Denise Hernandez, Amber Alert: Deputies find missing girl in field near her home, according to FDLE

IMMOKALEE — In the middle of an open field, the morning sun rising over the trees in southwest Immokalee, a little girl suddenly appeared.

She waddled toward more than a dozen searchers and a few tracking dogs, crying as they descended upon her.

About 10 hours after the girl, Denise Hernandez, went missing from her family's Wells Street home, she was found at 9 a.m. Monday. Sheriff's officials confirmed Hernandez has been located and is safe.

Bruno Campos, a neighbor of the Hernandezes, said he spoke with the girl's father at about 9:15 a.m., hearing the father cry on the phone as he received the news.

"It's pretty amazing they found her alive," Campos said. "It brings joy to everybody that they found her OK."

Campos said he was told the girl disappeared through a window of the family's home. Based on the evidence that has been gathered so far, deputies believe that the toddler left the house and was not abducted.

Neighbors and law enforcement officials from several agencies were canvassing the area as Hernandez was located. Tracking dogs had just been released near a field off Immokalee Road, about a quarter-mile from the Hernandez home, when the dogs took off toward the girl.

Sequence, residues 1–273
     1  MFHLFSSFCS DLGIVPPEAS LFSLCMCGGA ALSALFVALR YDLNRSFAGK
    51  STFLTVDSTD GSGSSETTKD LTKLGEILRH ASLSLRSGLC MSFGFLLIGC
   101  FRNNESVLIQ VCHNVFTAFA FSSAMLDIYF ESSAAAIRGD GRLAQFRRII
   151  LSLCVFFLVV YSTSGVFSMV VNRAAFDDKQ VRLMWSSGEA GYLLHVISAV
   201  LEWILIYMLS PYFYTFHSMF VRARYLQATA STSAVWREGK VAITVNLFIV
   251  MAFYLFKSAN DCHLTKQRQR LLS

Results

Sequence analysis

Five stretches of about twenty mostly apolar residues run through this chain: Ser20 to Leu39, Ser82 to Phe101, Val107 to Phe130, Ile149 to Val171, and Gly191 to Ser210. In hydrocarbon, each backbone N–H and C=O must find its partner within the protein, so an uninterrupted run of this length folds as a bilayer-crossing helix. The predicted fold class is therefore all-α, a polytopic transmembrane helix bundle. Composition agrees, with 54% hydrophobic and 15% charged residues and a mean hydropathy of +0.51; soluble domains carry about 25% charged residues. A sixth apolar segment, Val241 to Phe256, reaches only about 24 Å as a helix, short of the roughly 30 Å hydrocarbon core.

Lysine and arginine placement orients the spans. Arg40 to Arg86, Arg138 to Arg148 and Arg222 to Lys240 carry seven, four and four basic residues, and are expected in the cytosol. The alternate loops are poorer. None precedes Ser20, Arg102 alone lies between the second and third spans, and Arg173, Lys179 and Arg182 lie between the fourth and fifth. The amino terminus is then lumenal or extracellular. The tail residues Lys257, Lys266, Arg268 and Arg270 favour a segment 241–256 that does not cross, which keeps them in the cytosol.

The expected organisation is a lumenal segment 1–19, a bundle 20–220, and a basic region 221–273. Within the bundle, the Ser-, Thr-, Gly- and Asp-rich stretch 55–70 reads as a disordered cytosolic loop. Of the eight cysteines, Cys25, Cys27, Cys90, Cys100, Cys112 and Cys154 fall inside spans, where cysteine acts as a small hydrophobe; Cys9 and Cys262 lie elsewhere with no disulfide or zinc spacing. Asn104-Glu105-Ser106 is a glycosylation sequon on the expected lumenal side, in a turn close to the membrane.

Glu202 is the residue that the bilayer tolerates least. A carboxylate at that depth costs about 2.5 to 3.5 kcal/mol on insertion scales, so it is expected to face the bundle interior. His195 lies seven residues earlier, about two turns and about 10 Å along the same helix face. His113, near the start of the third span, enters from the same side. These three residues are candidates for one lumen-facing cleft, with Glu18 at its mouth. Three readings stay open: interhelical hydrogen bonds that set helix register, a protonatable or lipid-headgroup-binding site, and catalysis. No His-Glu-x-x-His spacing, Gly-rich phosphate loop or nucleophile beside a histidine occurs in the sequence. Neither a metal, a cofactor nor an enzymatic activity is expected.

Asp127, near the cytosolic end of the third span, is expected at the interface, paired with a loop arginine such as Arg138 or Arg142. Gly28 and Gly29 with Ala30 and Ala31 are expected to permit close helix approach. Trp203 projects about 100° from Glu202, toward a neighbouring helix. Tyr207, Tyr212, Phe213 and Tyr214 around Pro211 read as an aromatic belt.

Within moments, she'd been swept up by a rescuer and carried to safety.

Sheriff's officials remain on the scene, searching the field for clues about her disappearance.

Carlos Arviso, who lives next door to the Hernandezes small, red-roofed home on a dead-end street, said his dogs started barking at about 11:30 p.m. Roughly 10 minutes later, Hernandez's father banged on his door and Arviso called 911.

Arviso said he doubted the 2-year-old could climb out the window.

"There's just no way she could have gotten out of there by herself," Arviso, 21, said. "She's just too little."

Margarito Angeles, a family friend and godfather to three of the Hernandezes' children, said the girl's father is at a hospital with the 2-year-old, while the mother was being comforted by eight or nine friends at a nearby home.

Angeles said the family has been in Immokalee for more than a decade, the father working as a landscaper and the mother taking care of their five children.

Angeles said he had no reason to suspect any family involvement in the disappearance.

"I feel like somebody had to take her," Angeles said. "But if the little girl is fine, everything is fine."

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